Israel's government will take steps within the next 48 hours "to flatten the curve" of the rate of infection and avoid a new national lockdown during the second wave of the coronavirus pandemic, Prime Minister Benjamin Netanyahu said Wednesday, as he announced a one-off payment for all Israelis adults.
"We are doing everything we can to avoid a full closure, but to avoid it, we need your full cooperation, citizens of Israel," he said during a press conference in Jerusalem.
"The second wave we have been discussing is already upon us," Netanyahu said. "We are fighting it with determination and unity. We are taking health and economic measures. I hear [your] distress."
To that end, the prime minister said the state will be awarding every citizen of the country over the age of 18 with a staggered payment to alleviate some of the financial pressures caused by the crisis.
"Why are we giving this money? We have to get the economy moving," Netanyahu said. "This money will boost consumer spending and employment."
Single people without children will receive a payment of NIS 750 (approx. $220), while a family with one child will receive NIS 2,000 (approx. $580). Households with two children will receive NIS 2,500 (approx $730) and households with three or more children will receive NIS 3,000 (approx. $875).
The one-off payment comes in addition to the economic aid plan the government approved earlier in the week.
The government has come under repeated public criticism for its handling of the crisis triggered by the pandemic, as hundreds of thousands have found themselves unemployed or seen their businesses collapse.
Netanyahu said the money would be received within days through the National Insurance Institute system, but noted that final approval had to come first.
"I'm sure I'll get the support of [Alternate Prime Minister] Benny [Gantz] and the others, but it is not certain we will not have to go through legislation," he said.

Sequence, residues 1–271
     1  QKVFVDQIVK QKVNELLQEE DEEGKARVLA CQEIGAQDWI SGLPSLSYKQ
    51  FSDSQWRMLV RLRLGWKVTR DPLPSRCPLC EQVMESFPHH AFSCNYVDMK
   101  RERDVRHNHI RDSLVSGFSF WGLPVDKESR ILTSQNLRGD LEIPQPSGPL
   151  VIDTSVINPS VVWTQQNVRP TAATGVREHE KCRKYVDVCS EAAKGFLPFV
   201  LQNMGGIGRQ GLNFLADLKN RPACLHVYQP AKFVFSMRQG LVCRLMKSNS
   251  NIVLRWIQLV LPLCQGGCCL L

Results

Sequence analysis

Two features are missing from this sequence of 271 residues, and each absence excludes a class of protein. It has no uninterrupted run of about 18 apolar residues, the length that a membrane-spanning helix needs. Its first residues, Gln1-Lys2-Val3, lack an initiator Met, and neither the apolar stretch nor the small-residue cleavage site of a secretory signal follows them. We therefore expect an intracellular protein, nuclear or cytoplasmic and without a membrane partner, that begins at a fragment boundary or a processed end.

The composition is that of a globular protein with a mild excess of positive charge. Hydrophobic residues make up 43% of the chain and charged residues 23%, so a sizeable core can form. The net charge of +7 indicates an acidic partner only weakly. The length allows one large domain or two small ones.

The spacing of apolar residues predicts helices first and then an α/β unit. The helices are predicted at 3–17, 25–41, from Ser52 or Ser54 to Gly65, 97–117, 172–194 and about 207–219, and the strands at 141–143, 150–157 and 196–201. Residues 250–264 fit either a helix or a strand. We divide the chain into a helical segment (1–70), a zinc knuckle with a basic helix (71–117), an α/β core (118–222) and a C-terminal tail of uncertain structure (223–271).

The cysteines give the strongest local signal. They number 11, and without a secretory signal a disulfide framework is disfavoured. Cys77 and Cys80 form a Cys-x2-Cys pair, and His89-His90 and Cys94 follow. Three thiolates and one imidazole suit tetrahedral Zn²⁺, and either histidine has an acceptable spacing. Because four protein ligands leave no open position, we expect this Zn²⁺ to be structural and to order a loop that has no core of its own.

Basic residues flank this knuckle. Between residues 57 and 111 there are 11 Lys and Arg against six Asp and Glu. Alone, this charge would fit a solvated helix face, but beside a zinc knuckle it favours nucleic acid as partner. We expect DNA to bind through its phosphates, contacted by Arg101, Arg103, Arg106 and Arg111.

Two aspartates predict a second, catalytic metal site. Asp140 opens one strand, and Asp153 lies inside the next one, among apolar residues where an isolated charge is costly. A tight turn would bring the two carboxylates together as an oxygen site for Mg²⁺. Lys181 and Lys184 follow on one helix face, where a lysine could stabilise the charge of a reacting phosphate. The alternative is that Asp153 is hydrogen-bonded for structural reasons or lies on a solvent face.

The prime minister said he expected all Knesset factions to support such a move, given that they would have to legislate for the full economic plan in any event.
But the head of the Knesset Finance Committee, MK Moshe Gafni, slammed Netanyahu for his plan.
"Why do we have to give money to the rich?" asked the lawmaker from the ultra-Orthodox United Torah Judaism party after the announcement, adding that he was not surprised the government was "trying to avoid" bringing the move for a Knesset vote.
Economy Minister Amir Peretz, meanwhile, teased Netanyahu for the move.
"I welcome the newcomers to the socialist camp," said Peretz, who is head of the Labor party.
"Indeed, the economy is has taken a downwards turn, just as the rise in the minimum wage we fought for led to its most significant growth," Peretz said.
"Now above all we need to raise up those who are routinely struggling, as well as those who have joined their ranks due to the crisis," he said.
Israel has seen soaring numbers of infection since the country reopened its economy at the end of May, with rates unseen in the first wave of the virus. With new COVID-19 cases now exceeding 1,000 a day, some public health experts said it had moved too fast.
With unemployment at a record 21%, thousands of Israelis demanding economic relief demonstrated against Netanyahu on Saturday in Tel Aviv.
In Jerusalem on Tuesday, police used water cannon on thousands of anti-Netanyahu demonstrators outside his home.
The prime minister denied the street protests had prompted the new aid package.
A poll by the non-partisan Israel Democracy Institute on Tuesday found only 29.5% of the public trust Netanyahu's handling of the health crisis.
Earlier Wednesday, the Health Ministry said there have been 1,055 new cases of the virus since midnight, just hours after Health Minister Yuli Edelstein warned that a failure bring down the high number of daily infections would lead to a new lockdown within days.
The number of nationwide cases since the beginning of the pandemic is now at 43,668 and the death toll at 375. Two people have succumbed to the disease since midnight.
Out of the 23,399 people currently battling COVID-19, 205 are in serious condition, an increase of 22 since Tuesday. There are now 57 people on ventilators, an increase of one in the past day.
Edelstein told Ynet earlier Wednesday that barring a miracle, Israel would be heading back into full lockdown within days.
The minister said he hoped the measures taken to mitigate the spread, including limiting numbers permitted to gather at events and in restaurants and imposing closures on hard-hit areas, would result in lower infections.
"If that happens, we would be able to postpone a decision [to return to lockdown]," he said.
"We will have to wait three or four days to see, but that would be a miracle."
Edelstein rejected criticism that the government had not taken steps to prepare for the second wave of coronavirus spread or that a lockdown would be an admission of failure on the part of authorities, claiming a lockdown is a measure to be taken in order to bring the number of daily infections down.